2. Dead Island
Dead Island is essentially Left 4 Dead "done correctly". From having actual character classes in the game, to a much improved melee system, to quests, loot and different weapons, the game is miles above anything Left 4 Dead tried to do. The sense of humor in the game is a bit goofy but the environments were great (at the start), and it felt like a believable world that had gone down to hell. Sadly, the game falls apart around the half-way point (when you hit the town hall), but the first half is better than both Left 4 Dead games combined, easy.
1. Resident Evil 2
The first game was revolutionary but was a bit rough around the edges. The second improved upon the first though with better graphics, audio, gameplay and story. The branching story (zapping system) was also neat, with the Leon A/Claire B, or vice versa, which could have gameplay consequences for your characters. If you hogged all the ammo with Leon, Claire could find herself in a tougher spot as she goes through her story. Resident Evil 4 definitely plays better by modern standards, but in its time, Resident Evil 2 was a very fun game to play that had actual tension and scares, which is something the later (RE4 and up) games have forgotten about. Resident Evil 2 remains among not only one of the best zombie games, but one of the best games of that generation.
The Better Half with Liana K
Top 8 Games Containing Zombies or Zombie-Like Products
Sometimes a zombie isn't a zombie. In fact, most zombies haven't been traditional voodoo zombies since George Romero's Night of the Living Dead, when the creatures called "ghouls" in the script were labelled zombies by a very freaked out movie-going public.
The sorts of creatures classified under the broad umbrella of "zombies" since then has widened significantly. Unfortunately for me, I'm exhausted by the whole zombie fad. Yeah, it's a steady source of easy costumes for ugly people, but otherwise it's gotten really boring. Every so often, however, a game comes along and pleasantly surprises me, like the following eight titles. Yes, I'm aware there are more than eight. I just tried to stay away from the obvious ones like Call of Duty or Dead Rising. I like to make things difficult on myself. Behold the wonder to follow!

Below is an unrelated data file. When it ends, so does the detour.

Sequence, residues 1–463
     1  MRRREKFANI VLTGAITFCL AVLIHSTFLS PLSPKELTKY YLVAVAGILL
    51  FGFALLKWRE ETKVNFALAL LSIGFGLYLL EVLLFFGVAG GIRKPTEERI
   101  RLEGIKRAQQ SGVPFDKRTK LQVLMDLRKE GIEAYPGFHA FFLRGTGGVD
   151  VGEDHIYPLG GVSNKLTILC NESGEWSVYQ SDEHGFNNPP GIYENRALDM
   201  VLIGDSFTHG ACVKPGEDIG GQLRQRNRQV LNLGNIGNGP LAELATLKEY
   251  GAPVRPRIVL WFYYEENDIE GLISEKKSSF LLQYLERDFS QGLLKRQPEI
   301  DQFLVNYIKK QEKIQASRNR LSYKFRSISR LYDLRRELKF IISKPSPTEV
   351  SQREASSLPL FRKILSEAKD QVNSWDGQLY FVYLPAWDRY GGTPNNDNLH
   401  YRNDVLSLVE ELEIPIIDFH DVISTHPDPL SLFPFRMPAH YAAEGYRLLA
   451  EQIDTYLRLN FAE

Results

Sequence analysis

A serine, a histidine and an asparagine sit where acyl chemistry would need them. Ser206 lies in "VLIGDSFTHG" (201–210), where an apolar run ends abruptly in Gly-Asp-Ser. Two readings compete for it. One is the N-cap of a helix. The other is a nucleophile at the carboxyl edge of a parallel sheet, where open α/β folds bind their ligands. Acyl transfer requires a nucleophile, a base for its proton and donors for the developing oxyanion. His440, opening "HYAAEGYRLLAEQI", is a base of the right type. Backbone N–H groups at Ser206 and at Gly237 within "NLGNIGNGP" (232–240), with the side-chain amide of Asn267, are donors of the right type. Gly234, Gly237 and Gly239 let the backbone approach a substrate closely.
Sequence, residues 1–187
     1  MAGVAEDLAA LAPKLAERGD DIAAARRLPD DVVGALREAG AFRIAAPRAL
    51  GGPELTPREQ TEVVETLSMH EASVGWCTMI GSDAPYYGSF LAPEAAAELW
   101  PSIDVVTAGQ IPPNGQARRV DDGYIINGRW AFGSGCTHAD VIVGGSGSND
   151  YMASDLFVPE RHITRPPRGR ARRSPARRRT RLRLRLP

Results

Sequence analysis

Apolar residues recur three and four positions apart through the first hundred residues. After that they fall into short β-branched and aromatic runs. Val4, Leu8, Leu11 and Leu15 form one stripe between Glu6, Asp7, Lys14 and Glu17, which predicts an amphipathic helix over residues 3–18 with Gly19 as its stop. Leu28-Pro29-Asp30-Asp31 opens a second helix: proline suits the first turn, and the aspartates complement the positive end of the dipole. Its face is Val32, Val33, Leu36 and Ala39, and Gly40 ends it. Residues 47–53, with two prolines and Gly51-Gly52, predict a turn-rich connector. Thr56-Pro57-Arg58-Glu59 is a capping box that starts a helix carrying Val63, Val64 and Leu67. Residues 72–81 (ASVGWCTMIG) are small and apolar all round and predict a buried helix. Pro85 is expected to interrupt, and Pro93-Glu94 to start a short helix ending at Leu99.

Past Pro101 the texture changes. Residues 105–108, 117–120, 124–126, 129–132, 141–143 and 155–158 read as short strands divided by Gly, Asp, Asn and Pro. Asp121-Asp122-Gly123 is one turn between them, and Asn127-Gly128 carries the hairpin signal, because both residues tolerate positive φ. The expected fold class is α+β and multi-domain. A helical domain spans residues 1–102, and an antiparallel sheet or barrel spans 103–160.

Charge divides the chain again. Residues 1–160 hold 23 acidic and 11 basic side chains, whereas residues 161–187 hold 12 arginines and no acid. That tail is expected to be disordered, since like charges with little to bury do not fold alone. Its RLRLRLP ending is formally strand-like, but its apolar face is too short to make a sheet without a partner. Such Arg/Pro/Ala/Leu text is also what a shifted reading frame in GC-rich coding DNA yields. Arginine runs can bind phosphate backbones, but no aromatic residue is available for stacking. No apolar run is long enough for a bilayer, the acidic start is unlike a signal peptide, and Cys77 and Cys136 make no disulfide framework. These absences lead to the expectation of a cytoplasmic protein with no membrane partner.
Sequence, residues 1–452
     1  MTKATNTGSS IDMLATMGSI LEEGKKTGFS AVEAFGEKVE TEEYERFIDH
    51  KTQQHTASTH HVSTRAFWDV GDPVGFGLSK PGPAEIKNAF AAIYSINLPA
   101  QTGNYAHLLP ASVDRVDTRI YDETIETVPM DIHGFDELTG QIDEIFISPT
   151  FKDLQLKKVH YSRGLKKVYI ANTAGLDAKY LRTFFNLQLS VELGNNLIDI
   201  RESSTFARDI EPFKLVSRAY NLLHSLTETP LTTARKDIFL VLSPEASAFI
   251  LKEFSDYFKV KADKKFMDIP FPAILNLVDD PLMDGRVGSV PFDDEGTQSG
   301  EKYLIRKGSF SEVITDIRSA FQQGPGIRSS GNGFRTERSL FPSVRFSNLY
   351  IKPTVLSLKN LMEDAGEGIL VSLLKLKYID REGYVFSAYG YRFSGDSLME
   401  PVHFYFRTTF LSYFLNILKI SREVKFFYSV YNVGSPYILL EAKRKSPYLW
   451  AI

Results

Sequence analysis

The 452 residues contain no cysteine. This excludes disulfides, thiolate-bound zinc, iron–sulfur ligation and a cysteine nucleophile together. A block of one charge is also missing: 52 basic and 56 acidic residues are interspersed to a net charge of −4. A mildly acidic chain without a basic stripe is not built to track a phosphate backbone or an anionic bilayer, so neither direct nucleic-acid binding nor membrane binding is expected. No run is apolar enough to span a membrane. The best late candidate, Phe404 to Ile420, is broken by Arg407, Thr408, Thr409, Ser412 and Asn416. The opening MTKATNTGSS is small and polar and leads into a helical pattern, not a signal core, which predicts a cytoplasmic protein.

8: Fallout New Vegas
The folks who got the short end of the nuclear stick in Fallout's various wastelands are known as ghouls, but we've already established that ghouls and zombies are essentially the same thing... because you guys study every word I write, M I RITE? Anyway, Fallout New Vegas used ghouls for their ideal purpose: maximum comedy potential. This is literal in one case: Hadrian is a stand up comedian. However, the Bright Brotherhood "Come Fly With Me" quest was also one of my favorite New Vegas distractions, mostly because it was just so goofy. There are also ghoul NCR soldiers and bounty hunters who are great characters throughout the game. Super Mutants are still more awesome in my mind, but New Vegas brought back the humor and charm of the old Interplay games, and the ghouls share in that credit, even if they don't have the status of wasteland smoothskins.
7: Warcraft III
Yes, there was a Warcraft before World of Warcraft. In Warcraft III, the Scourge was introduced. This was before the Lich King expansion and all the Death Knight-related game breakage. The Scourge existed in a time that was pure and good, and hours were wasted in front of a computer mining gold and harvesting lumber, instead of sitting around with your thumb up your ass waiting to get enough people to start a raid. Then halfway through that raid, my internet dies and I get absolutely NOTHING for all my hours wasted... Can you tell World of Warcraft makes me bitter? YOU BET IT DOES! Stupid WoW. I'm a hipster. And I remember Warcraft before it sold out.
6: Dead Space
The necromorphs are a classic example of a zombie-like product. They are not zombies. They do, however, do many of the same things zombies do, and play the roles generally reserved for zombies, just much faster, with exploding babies. However, the term "necromorph" and the associated imagery can be trademarked, therefore making them much more appealing to video game companies. Furthermore, creating a zombie-like product instead of straight up zombies provides greater creative freedom to produce increasingly outlandish and inhuman types of zombie-like products which can also be trademarked. Ah capitalism.
5: Plants Versus Zombies
Roll your eyes all you want, PvZ is a great game. It also has some of the most recognizable zombies in video games, and Crazy Dave. There's a zombie on your lawn... Sing it with me!
4: Stubbs the Zombie in Rebel Without A Pulse